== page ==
| By Father Dwight Ezop

“I know where she is”

Hope’s real comfort

"I’m all right; I know where he is,” said his mother as we visited after church one day. “He’s home with God today,” his mother assured me. I wanted to share with her my condolences after her son’s death and instead she comforted me with her witness of strong faith. Her son had lived a faith-filled life and was fondly remembered as one of God’s greatest cheerleaders and ambassadors. He could always be found visiting with folks at church with a smile and the words, “God bless you” that would end each conversation. His parents took great solace not only in their son’s faith but in their own. As unimaginably difficult as it must have been for them to return him to God after so brief a life, they were comforted by the hope they found in their faith – our shared faith – that death is not an end, but a beginning.

“I’m all right; I know where she is,” said her husband as we visited in the hospital emergency room. His wife had just died and I had been called to console the family. As we gathered in the tiny room, they acknowledged that although she had not been well for over eight years, they knew that she was now home with God. She was no longer plagued by a mind clouded with dementia. They had seen brief glimpses of her “old” self just a few days before she died. She wrote long letters to friends she had not seen in years. For all too brief a time, they saw once again the strong, faith-filled woman they knew as wife, mother and grandmother. In their hearts, her family knew that she was home with God, filled once again with wit and laughter, sharing the smile that lit up the room whenever she entered. She is home, she is safe, and she is with God.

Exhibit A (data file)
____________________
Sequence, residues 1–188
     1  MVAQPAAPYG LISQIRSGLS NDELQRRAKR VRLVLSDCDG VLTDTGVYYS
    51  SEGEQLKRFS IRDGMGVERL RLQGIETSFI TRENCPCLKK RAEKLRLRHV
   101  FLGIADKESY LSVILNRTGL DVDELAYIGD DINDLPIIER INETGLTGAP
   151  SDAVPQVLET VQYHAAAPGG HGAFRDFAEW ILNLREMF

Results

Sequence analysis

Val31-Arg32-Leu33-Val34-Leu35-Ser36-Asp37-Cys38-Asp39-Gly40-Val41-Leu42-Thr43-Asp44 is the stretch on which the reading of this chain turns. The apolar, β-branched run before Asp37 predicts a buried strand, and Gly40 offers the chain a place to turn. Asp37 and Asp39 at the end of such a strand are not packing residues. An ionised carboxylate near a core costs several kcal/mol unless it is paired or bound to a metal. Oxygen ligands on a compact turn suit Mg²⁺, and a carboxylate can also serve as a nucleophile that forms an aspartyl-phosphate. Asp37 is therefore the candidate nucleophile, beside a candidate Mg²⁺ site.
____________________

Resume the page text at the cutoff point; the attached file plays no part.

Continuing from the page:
Hope. It’s not just wishful thinking. Instead, it is a kind of vision, grounded in faith, which opens our eyes to new and wondrous possibilities. It is also grounded in the knowledge that God’s words to us are true and trustworthy, that God’s promises to us will be kept. With hope, we can get through just about anything. Hope opens our eyes, ears and hearts in spiritual ways that go beyond the power of our limited human perception to see more deeply than we ever thought possible. Hope gives us the ability to meet both the sad and the joyful in a way that can give us deeper roots and stronger support than we ever thought possible. Hope in God and in God’s goodness can transform us, if we allow it.

I suppose that is why I find this season of Lent to be so necessary, since this season is, by its very nature, all about hope. If we allow ourselves to fully and freely engage this season, then we will also allow God to enter into our lives in powerful ways to re-shape and re-mold that which needs change in each of us. The season of Lent is not just about ashes, penances and giving things up. It is also about taking new things on – new ways of being, acting, living and loving – as we allow God to transform us.

If we find it possible to believe that God can transform bread and wine into the body and blood of his Son, then we should find it equally possible that God wishes to transform us, not only during the 40 days of Lent, but during the 50 days of Easter – and during each of the days beyond. That is our hope, and we do not hope in vain. And so our journey in FAITH continues.